Conservation Genetics

, Volume 10, Issue 1, pp 87–99 | Cite as

Identification of conservation units in the European Mergus merganser based on nuclear and mitochondrial DNA markers

  • Barbara Hefti-Gautschi
  • Monika Pfunder
  • Lukas Jenni
  • Verena Keller
  • Hans Ellegren
Research Article


The conservation status of small breeding areas of the Goosander (Mergus merganser merganser) in Central Europe is unclear. Geographic isolation of these areas suggests restricted gene flow to and from large North-European populations. On the other hand, migrating Goosanders from northern Europe join the Central European breeding population for wintering. To evaluate the conservation status of the small breeding areas we assessed the genetic structure of M. merganser populations in Europe by examining two nuclear marker systems (microsatellites and Single Nucleotide Polymorphisms, SNP) and mitochondrial (mtDNA) control region sequence variation for Goosanders in 11 sampling areas representing three of five distinct breeding areas and two subspecies (M. m. merganser and M. m. americanus). Overall population differentiation estimates including both subspecies were high, both based on mtDNA (\(\Upphi_{\rm ST}=0.899;\,P<0.0001\)) and nuclear markers (θ ST = 0.219; 95% CI 0.088–0.398, SNP and microsatellites combined). Within Europe, mtDNA revealed a strong overall (\(\Upphi_{\rm ST}=0.426;\,P<0.0001\)) and significant pairwise population differentiation between almost all comparisons. In contrast, both nuclear marker systems combined revealed only a small overall genetic differentiation (θ ST = 0.022; 95% CI 0.003–0.041). The strong genetic differentiation based on female-inherited mtDNA but not on biparentally inherited nuclear markers can be explained by sex-biased dispersal and strong female philopatry. Therefore, small breeding areas in Europe are endangered despite large male-mediated gene-flow, because when these populations decline, only males—but due to strong philopatry not females—can be efficiently supplemented by migration from the large North European populations. We therefore propose to manage the small breeding areas independently and to strengthen conservation efforts for this species in Central Europe.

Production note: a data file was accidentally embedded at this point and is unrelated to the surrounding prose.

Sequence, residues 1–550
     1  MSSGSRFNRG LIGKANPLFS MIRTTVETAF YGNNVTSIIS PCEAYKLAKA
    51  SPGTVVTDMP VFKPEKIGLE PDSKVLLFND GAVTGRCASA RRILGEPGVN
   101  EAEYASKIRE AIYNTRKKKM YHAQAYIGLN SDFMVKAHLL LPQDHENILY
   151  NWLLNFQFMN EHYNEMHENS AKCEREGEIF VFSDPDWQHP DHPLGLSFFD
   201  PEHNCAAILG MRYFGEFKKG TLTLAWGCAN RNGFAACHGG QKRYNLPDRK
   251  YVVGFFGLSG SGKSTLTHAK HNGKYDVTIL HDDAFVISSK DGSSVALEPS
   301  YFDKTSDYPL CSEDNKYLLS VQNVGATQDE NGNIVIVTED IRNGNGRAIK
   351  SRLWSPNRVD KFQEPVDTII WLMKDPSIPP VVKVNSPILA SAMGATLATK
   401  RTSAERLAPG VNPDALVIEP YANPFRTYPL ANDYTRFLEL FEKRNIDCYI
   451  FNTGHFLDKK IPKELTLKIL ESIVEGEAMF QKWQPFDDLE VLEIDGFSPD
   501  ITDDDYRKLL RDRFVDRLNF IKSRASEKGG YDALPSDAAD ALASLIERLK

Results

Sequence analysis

Female philopatry Microsatellite mtDNA Population structure SNP 



We would like to thank Adrian Aebischer, Åke Andersson, Johannes Bang, Michel Beaud, Bjørn-Aksel Bjerke, Peter Blaser, Bruno Blum, Ronald Bryant, Bernard Büttiker, Hans Englund, Jean-Marc Fivat, Michael Grell, Alan Hanson, Martti Hario, Pierre Henrioux, Josef Hofer, Leo Hüppin, Esbjörn Johansson, Kaarel Kaisel, Jan T. Lifjeld (Zoological Museum in Oslo), Bernard Lugrin, Matti Luostarinen, Theo Marbot-Monbaron, Alfred Mischler, Adam Mohr, Juhana and Pekka Niittylä, Sven Nilsson, Bertil Österberg, Pascal Rapin, Bernard Reymond, Aevar Petersen (Icelandic Institute of Natural History in Reykjavik), Hubert J. du Plessix, Runko Pnetti, Walter Schaub, Norman Seqmour Schmucki, Marco Zenatello, and Heribert Zintl for providing samples. This work was supported by the foundation “Dr. Joachim De Giacomi” of the Swiss Academy of Sciences (SCNAT), by the Swiss Federal Office for the Environment (FOEN), and by a postdoctoral fellowship from the Swiss National Science Foundation to BHG.


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Copyright information

© Springer Science+Business Media B.V. 2008

Authors and Affiliations

  • Barbara Hefti-Gautschi
    • 1
    • 2
  • Monika Pfunder
    • 1
  • Lukas Jenni
    • 3
  • Verena Keller
    • 3
  • Hans Ellegren
    • 2
  1. 1.Ecogenics GmbHZurich-SchlierenSwitzerland
  2. 2.Department of Evolutionary Biology, Evolutionary Biology CentreUppsala UniversityUppsalaSweden
  3. 3.Swiss Ornithological InstituteSempachSwitzerland

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